chia seeds

The chia seeds (Salvia hispanica) is the edible seed of a flowering plant in the mint family. The seeds have a long history and are originally from Mexico and Guatemala. Other common names include Salba chia and Mexican chia.

They were an important staple food in ancient Mesoamerican and Aztec societies. The seeds played a significant role in people’s diets and had therapeutic uses.

Mexico, Guatemala, Peru, Argentina, Australia, and the United States are only some of the modern commercial producers of chia. The seeds have long been appreciated as a nutritious food source. Before you read on, check this helpful app MyPlate Calorie Counter which is ideal for losing weight and managing your diet.

Health Benefits

Chia seeds have a high concentration of antioxidants and are rich in essential nutrients. Antioxidants come in many forms:

  • Caffeic acid.
  • Kaempferol
  • Chlorogenic acid
  • Quercetin

The health advantages provided by these nutrients are numerous and vital.

·         Reduced Free Radicals

Chia seeds include antioxidants that can help your body neutralize free radicals. Oxidative stress and cell damage are both brought on by free radicals. The chance of acquiring several free-radical-related health problems, including heart disease, cognitive decline, and certain types of cancer, may be lowered by eating foods rich in antioxidants.

·         Improved Cardiac Health

Quercetin, an antioxidant found in chia seeds, has decreased the chance of acquiring various diseases. The seeds have a high fiber content, which helps minimize the risk of hypertension and subsequent heart disease.

·         Reduced Levels of Blood Sugar

Compared to other seeds, chia seeds have a lot of fiber. The risk of metabolic syndrome and type 2 diabetes has been shown to decrease when dietary fiber intake is increased. Moreover, you can avoid high blood sugar by eating chia seed bread, as it has been demonstrated through scientific studies to cause a smaller rise in blood sugar than regular bread.

·         Minimized Inflammation

The constant irritation of the body’s immune system might result in severe diseases like cardiovascular illness and cancer. Inflammatory markers are widely used as diagnostic tools for inflammatory diseases, and regular consumption of chia seeds may help to lower these markers. Chia seeds have an antioxidant called caffeic acid, which can help reduce inflammation.

·         Better Weight Control

These seeds can aid weight maintenance by making you feel full on fewer calories. The dietary fiber content of a single ounce of chia seeds is 39% of the daily value. When you eat these seeds, their soluble fiber will absorb water and swell, making you feel full faster.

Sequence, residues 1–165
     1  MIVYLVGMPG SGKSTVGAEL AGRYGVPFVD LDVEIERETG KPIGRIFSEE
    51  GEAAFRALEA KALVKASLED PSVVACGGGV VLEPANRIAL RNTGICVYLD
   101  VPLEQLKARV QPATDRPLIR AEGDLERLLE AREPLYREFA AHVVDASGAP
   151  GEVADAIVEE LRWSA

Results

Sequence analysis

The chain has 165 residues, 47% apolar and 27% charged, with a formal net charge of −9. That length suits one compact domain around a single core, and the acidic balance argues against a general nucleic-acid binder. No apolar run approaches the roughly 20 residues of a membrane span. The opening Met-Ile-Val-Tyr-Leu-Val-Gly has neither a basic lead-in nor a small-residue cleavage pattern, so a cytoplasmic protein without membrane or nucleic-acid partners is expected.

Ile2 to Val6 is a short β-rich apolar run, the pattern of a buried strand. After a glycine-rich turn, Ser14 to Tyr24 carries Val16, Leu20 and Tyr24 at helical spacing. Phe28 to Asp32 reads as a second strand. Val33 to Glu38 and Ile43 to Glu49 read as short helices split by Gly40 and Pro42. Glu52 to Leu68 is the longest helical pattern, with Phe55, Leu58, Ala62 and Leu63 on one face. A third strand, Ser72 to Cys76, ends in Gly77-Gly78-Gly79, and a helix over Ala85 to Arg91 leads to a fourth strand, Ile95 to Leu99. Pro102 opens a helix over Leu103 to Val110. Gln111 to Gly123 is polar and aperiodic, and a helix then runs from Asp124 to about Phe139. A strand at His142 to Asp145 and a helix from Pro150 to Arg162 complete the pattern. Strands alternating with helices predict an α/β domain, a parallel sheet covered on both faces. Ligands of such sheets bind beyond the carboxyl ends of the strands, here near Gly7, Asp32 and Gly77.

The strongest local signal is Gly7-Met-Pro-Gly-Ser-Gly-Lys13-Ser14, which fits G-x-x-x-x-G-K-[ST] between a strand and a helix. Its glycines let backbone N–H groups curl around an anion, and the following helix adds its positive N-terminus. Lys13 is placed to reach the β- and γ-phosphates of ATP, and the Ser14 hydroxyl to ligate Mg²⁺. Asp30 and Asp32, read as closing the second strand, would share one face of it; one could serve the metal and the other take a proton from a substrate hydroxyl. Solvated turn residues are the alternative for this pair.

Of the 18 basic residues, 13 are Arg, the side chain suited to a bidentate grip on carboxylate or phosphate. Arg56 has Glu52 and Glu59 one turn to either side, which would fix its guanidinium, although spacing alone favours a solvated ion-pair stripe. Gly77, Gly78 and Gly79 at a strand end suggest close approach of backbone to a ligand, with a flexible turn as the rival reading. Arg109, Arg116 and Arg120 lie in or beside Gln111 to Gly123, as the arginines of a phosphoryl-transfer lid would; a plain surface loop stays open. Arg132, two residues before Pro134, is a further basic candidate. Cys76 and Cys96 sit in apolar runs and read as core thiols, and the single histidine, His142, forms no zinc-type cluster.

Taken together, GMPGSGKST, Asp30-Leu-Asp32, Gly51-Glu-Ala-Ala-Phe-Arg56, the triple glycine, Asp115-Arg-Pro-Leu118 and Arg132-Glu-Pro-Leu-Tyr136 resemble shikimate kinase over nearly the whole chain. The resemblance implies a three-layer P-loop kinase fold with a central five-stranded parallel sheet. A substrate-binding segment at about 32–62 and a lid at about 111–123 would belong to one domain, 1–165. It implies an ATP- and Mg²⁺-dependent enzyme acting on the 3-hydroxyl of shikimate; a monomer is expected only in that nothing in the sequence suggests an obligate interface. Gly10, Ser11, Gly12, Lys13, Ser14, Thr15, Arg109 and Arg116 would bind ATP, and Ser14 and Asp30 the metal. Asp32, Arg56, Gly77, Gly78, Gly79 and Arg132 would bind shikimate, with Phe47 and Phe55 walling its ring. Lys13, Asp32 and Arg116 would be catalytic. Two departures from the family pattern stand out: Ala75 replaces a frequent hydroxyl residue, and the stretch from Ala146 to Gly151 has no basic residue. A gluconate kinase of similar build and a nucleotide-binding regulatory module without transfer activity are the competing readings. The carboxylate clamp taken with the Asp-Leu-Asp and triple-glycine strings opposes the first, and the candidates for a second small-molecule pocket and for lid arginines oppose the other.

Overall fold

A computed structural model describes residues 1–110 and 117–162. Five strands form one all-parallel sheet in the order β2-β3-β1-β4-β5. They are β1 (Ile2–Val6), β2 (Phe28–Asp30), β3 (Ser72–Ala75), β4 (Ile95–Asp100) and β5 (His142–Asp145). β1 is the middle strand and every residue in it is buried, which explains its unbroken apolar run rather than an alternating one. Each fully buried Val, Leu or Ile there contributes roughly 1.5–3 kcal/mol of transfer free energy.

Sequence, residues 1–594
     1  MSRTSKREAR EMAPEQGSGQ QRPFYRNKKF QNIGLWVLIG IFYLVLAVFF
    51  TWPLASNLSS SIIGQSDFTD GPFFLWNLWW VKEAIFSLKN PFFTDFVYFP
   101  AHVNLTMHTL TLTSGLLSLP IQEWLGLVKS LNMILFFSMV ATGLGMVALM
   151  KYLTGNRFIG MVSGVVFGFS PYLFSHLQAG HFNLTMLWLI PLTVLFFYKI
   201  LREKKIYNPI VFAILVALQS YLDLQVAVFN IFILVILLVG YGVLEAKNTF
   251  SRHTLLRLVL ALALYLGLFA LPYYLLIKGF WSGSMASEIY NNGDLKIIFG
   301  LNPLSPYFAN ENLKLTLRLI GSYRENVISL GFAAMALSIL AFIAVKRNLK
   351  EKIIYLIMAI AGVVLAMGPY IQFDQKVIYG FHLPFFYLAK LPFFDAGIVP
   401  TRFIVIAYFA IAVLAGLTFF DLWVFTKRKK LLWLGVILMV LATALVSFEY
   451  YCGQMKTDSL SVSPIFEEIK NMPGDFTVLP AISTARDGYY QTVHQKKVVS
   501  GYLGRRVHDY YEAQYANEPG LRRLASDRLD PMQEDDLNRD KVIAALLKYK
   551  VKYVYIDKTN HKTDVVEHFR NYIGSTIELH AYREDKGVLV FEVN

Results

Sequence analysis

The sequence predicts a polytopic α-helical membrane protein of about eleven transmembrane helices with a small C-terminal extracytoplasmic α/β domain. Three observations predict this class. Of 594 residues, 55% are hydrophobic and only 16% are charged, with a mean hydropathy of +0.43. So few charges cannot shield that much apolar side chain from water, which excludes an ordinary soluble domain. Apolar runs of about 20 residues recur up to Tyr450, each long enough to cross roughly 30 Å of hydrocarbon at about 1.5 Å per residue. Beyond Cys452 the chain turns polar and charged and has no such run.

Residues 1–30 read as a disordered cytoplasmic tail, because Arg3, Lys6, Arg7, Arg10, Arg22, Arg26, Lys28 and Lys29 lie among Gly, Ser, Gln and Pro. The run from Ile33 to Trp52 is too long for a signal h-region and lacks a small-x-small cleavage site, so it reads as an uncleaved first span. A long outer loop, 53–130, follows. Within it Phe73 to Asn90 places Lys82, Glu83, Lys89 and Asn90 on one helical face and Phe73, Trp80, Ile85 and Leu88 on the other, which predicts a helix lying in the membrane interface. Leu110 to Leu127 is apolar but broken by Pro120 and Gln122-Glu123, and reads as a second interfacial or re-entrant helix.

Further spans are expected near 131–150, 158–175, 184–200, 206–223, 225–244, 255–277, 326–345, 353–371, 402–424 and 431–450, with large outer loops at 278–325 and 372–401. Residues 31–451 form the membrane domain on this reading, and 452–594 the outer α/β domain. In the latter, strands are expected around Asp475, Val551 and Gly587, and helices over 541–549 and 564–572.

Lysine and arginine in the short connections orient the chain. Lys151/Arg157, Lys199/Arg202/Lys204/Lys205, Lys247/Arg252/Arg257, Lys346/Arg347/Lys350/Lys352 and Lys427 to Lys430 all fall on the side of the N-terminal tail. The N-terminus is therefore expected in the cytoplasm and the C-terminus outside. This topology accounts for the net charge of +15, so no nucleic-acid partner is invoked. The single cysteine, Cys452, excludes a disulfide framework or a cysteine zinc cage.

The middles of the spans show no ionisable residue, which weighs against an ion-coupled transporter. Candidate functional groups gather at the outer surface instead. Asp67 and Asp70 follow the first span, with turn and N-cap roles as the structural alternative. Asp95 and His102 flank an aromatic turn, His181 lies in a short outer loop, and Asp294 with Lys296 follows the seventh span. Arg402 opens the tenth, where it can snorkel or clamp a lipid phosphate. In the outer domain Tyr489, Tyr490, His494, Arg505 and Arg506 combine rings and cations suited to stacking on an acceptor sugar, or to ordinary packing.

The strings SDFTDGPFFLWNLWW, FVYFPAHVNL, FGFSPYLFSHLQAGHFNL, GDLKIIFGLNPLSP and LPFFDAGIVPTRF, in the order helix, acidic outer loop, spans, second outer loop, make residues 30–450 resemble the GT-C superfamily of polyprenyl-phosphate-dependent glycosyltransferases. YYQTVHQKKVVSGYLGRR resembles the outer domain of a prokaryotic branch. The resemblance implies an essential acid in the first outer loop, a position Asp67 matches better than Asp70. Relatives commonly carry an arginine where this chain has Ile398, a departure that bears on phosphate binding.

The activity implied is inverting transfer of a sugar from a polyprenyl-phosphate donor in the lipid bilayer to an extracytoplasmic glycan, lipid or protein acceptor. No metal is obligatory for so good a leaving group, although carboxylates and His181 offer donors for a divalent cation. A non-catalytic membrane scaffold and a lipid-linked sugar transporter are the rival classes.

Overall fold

·         Increased Bone Density

Nutrient-for-nutrient, chia seeds out-calcium dairy products. Bone-supporting elements found in chia seeds include magnesium and phosphorus. The seeds provide 18% of the daily value for calcium, an essential mineral for strong bones, muscles, and nerves.


The various nutrients found in these seeds include:

  • Calcium
  • Phosphorus
  • Manganese
  • Iron
  • Selenium
  • Magnesium
  • Copper

Alpha-linolenic acid (ALA) is an omega-3 fatty acid found in chia seeds; a lower ratio of omega-6 to omega-3 fatty acids is related to lower chances of chronic illnesses like cardiovascular disease, cancer, and inflammatory disorders.

Per-Serving Nutrient Values

Chia seeds, in a 1-ounce (28.35 gram) serving, offer:

  • The calorie count is 138.
  • 8 grams of fat
  • 12 g of carbs
  • Weighing in at 4.7 grams of protein
  • The number of grams of fiber is 9.8 per 100 grams of body weight.
  • There are no sugars in this recipe.

Worrisome Red Flags to Keep an Eye Out for

Chia seeds have many positive health effects, however, excessive consumption might be harmful.

Possible Stomach Pains: They are high in fiber, consequently leading to gastrointestinal issues, including bloating, gas, and constipation if consumed in excess. Furthermore, inflammatory bowel diseases like Crohn’s may have a flare-up after finishing chia seeds.

Crushing or suffocation risk present: When combined with water, chia seeds expand and take on a gelatinous consistency, but only if they’re eaten dry. Choking can occur if dry chia seeds lodge in the throat’s back. Pre-soaking the sources for 5-10 minutes eliminates this danger.

Adverse Drug Reactions: Lowering blood sugar and blood pressure are two of the many health benefits of these seeds. Eating too many of these seeds can produce dangerously low blood sugar and blood pressure, especially if you are taking medication for diabetes or hypertension.

Allergies: Chia seed allergies are incredibly unusual, although they do occur. Allergens can cause a severe allergic reaction known as anaphylaxis.  You should not ignore Itching of the mouth and tongue, as well as other symptoms.

Getting Chia Seeds Ready to Eat

You can purchase Chia seeds in their whole form at any supermarket or health food store that sells bulk foods. Moreover, you can also get them online.

You should keep them in a cold, dry, dark area. If you choose to grind your seeds before storing them, do so in an airtight container or bag and keep them in a cool, dark place.

You can use them in a wide variety of dishes. You can get them ready in a variety of ways, such as:

  • Make chia pudding by combining the chia seeds with milk or fruit juice and topping it with cacao nibs or fresh fruit
  • In the baking world, this means developing a substitute for eggs to utilize in products like cakes and bread
  • Add to muffin batter
  • Add chia gel to your homemade soups and smoothies
  • Use them while making a bowl of cereal or a salad
  • Create chia sprouts by soaking the seeds
  • You can use them to make chicken bread combined with almond flour and spices.
  • Add them to homemade energy bars

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